Discovery and significance of the Chinen Formation from a submarine core drilled off Naha Port, Okinawa-jima, southwestern Japan
The Chinen Formation, consisting mainly of calcareous sandstone and sandy limestone, is exposed in the middle-eastern and southern parts of Okinawa-jima, southwestern Japan. This formation represents a transitional lithofacies between siliciclastic deposits (the Shimajiri Group) and coral-reef carbonates (the Ryukyu Group). Here we report the occurrence of the Chinen Formation from a submarine core (about m below sea level) drilled off Naha Port, west of Okinawa-jima, where the formation has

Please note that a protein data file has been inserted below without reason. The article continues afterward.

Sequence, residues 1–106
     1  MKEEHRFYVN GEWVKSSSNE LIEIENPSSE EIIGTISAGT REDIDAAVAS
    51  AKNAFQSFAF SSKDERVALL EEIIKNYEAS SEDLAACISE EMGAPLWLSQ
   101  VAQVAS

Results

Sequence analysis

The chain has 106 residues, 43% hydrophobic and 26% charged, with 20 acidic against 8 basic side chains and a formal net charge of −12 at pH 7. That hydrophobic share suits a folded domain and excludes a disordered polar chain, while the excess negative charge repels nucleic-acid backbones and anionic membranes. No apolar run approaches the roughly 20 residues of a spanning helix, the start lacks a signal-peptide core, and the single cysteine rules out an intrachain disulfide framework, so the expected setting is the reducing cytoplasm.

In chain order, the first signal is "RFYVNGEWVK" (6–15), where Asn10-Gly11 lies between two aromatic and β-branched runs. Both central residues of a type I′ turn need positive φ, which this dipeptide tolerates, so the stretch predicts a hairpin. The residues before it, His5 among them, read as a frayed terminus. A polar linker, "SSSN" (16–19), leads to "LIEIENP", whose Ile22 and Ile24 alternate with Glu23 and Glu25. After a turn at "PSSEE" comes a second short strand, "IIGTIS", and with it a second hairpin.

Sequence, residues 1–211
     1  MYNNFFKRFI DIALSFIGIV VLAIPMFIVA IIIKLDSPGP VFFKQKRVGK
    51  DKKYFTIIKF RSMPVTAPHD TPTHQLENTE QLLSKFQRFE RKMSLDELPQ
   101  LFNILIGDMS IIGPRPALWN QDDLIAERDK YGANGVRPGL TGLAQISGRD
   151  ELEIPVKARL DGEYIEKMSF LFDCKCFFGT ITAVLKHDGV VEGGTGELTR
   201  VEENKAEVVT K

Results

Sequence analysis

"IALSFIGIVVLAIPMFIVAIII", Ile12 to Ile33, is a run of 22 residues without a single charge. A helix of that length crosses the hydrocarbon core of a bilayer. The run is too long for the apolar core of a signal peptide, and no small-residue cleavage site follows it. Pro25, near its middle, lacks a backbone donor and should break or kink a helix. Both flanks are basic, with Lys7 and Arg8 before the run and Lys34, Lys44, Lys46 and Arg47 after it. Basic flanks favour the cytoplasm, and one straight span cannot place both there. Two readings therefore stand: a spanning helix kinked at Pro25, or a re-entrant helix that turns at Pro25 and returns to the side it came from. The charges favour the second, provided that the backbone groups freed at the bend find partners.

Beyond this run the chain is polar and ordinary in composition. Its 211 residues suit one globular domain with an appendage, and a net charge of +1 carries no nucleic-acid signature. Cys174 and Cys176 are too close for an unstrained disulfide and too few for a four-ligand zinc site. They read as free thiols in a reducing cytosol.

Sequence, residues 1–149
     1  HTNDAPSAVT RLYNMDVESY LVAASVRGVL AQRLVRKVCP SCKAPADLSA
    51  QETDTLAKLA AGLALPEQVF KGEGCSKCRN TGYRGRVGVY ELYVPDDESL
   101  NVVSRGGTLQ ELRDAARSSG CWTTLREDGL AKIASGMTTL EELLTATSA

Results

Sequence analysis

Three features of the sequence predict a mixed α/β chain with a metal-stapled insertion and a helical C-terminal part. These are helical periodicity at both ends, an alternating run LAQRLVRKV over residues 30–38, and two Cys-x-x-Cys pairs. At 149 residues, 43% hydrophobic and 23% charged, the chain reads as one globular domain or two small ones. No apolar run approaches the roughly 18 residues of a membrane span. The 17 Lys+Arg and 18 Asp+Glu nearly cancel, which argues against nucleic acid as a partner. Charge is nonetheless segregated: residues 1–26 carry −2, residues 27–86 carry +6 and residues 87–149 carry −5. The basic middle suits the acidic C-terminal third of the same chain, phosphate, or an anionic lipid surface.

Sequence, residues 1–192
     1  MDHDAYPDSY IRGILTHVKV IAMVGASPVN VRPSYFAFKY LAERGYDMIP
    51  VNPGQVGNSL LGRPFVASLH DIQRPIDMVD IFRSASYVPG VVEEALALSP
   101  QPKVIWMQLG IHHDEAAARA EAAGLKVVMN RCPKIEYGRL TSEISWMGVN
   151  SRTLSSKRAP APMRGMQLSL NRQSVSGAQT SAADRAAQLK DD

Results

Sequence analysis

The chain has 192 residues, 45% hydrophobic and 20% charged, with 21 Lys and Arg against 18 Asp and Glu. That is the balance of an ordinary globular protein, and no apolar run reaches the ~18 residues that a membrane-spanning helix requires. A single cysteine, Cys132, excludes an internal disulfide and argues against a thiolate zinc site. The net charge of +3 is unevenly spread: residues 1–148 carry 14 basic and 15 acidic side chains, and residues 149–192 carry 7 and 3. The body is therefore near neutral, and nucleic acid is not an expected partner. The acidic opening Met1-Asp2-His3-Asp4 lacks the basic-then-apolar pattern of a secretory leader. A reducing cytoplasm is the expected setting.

... he formation has not been reported previously. We examined the lithology, calcareous nannofossil biostratigraphy, and large benthic foraminiferal assemblages in seven sediment samples collected from the core interval between and m below sea floor, which is overlain by limestone of the Ryukyu Group. These sediments consist of unconsolidated calcareous silt and sand, consistent with the lthology of the Chinen Formation. Calcareous nannofossil assemblages indicate that the core interval corresponds to Quaternary nannofossil datum planes and ( . -. Ma). The benthic foraminiferal assemblage is dominated by Pseudorotalia papillosa, accompanied by Operculina spp. and Reophax spp., indicating that the sediments were deposited on a muddy sand bottom of the upper shelf slope (water depth of -m). These results indicate that calcareous sandstone and siltstone were deposited along the shelf slope at the eastern and western margins of Okinawa-jima during the deposition of the Itoman Formation (shallow-water limestone).